A fight over public records in Puerto Rico hinges on financial board’s claim of sovereign immunity
on Jan 10, 2023 at 8:03 am
The court turns to sovereign immunity on Wednesday when it hears argument in Financial Oversight and Management Board for Puerto Rico v. Centro de Periodismo Investigativo. The case involves the board Congress created in response to Puerto Rico’s dire financial distress in 2016. When the Supreme Court held in that year that Puerto Rican municipalities could not seek relief under the Bankruptcy Code, Congress responded with the Puerto Rico Oversight, Management, and Economic Stability Act, known as PROMESA, which gave the board broad, only marginally trammeled authority to supervise the finances of Puerto Rico and return it to a position of fiscal responsibility. This case considers whether principles of sovereign immunity protect that board from suits in federal court.
The dispute in question involves a provision in Puerto Rico’s constitution that guarantees access to public information. That provision operates much like FOIA (the federal Freedom of Information Act) by obligating the government on request to grant access to many if not most categories of public documents. Centro is an award-winning media nonprofit in Puerto Rico, which has fallen into a long-standing dispute with the oversight board over the transparency of its operations. Those operations are a prominent topic in Puerto Rican media, because they involve the complete restructuring of every aspect of Puerto Rico’s governmental expenditures.
Eventually, Centro sued the board in the federal district court for Puerto Rico, arguing that the board’s recalcitrance in producing documents violated the Puerto Rican constitution. Apparently all agree that Puerto Rican law would recognize such a suit against Puerto Rico itself in the Puerto Rican courts. Centro sued the board in the federal court because of provisions of PROMESA that channel almost all forms of litigation against the board to federal (rather than local) courts. The board claimed that sovereign immunity — the doctrine that a government generally cannot be sued without its consent — barred such a suit in federal court. After the court of appeals rejected the board’s claim of immunity, the Supreme Court granted review.
The board pitches the dispute as just another in a long line of cases skeptically reviewing claims that federal statutes abrogate the sovereign immunity of state governments. Those cases establish one of the clear-statement rules that the Supreme Court has adopted so readily the last few decades. They require a clear statement that Congress intended a particular statute to abrogate the sovereign immunity of a state before a federal court will adjudicate a claim brought against a state. Indeed, several of the justices doubt Congress’s constitutional authority to impose liability on states under federal law. In this particular case, the relevant statute quite plainly grants federal authority to adjudicate claims brought under PROMESA, and it quite plainly channels almost all litigation against the board into federal court, but it never explicitly addresses the sovereign-immunity question: It never explicitly states that it abrogates the sovereign immunity of state governments against claims that do not arise under PROMESA.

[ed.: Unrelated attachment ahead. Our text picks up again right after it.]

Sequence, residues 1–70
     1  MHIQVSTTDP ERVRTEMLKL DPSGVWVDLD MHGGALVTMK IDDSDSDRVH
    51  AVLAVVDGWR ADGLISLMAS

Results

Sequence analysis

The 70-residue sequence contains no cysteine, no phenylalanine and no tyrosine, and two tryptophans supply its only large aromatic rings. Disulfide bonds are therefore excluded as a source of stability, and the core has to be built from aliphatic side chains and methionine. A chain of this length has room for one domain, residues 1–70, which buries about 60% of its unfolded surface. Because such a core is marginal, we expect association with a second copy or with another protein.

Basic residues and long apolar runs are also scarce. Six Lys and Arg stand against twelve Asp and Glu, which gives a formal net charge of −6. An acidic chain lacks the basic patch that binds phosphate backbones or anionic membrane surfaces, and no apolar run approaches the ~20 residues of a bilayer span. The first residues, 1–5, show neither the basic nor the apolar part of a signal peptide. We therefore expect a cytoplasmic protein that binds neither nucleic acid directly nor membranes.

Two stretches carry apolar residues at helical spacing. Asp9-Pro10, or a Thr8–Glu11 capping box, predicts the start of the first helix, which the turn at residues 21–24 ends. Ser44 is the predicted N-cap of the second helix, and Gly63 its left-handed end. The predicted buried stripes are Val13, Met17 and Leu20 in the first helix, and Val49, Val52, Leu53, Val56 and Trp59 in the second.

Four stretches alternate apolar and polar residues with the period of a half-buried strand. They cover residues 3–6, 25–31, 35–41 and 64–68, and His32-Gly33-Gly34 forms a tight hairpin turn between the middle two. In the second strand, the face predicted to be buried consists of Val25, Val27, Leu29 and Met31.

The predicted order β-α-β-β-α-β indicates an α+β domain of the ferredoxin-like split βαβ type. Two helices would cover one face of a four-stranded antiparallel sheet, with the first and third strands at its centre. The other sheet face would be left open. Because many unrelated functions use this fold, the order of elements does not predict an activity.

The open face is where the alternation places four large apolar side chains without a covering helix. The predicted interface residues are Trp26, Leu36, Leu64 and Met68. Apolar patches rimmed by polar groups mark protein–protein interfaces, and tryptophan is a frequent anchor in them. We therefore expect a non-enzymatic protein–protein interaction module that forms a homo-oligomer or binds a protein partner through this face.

Centro offers an entirely different take on the matter. For Centro, three features of the case are critical. The first is Puerto Rico’s status as a territory rather than a state. None of the cases on which the board relies involves a territory. The great majority of them involve states, and reflect the court’s ubiquitous concern to prevent Congress from overrunning the important role states play in our federal system. The remainder involve the federal government, where the court has enforced a clear-statement rule to reflect an interpretive premise that Congress does not often intend to subject the United States to suits for money damages, which supports an expectation that Congress would speak clearly when it intends to do so. Centro emphasizes that a case involving a territory is entirely different, because territories, unlike states, have no independent constitutional power base, but rather are abjectly subject to congressional control under the territory clause of Article IV.
The second is the oddity that Puerto Rico quite plainly has waived its own sovereign immunity for the particular claim at issue here. As noted above, it seems to be undisputed that Puerto Rican courts would entertain a suit against Puerto Rico itself raising a claim under the access-to-information provision. It is almost bizarre that Congress would have imposed the board on the territory of Puerto Rico, establishing it as an entity within the Puerto Rican territorial government, and intending that it implicitly have sovereign immunity against a claim that would lie against any entity within the Puerto Rican government itself.
Finally, Centro underscores the illogic of recognizing the board’s broad claim of an implicit recognition of sovereign immunity. PROMESA explicitly bars several categories of claims, such as claims challenging the board’s fiscal plans under local law. If Congress intended that the board would have a broad and implied sovereign immunity, PROMESA need not have included these narrow and specific bars on federal jurisdiction.
In the end, my sense is that the case will turn on the perspective through which the justices view Puerto Rico’s territorial status. If most justices view it more or less like a state, then Centro probably will have a hard time in making out its claim. If most of the bench thinks a territory is more like a colonial possession to be dealt with at Congress’s whim, then the board’s claim of immunity is likely to fail. The argument should shed a great deal of light on that.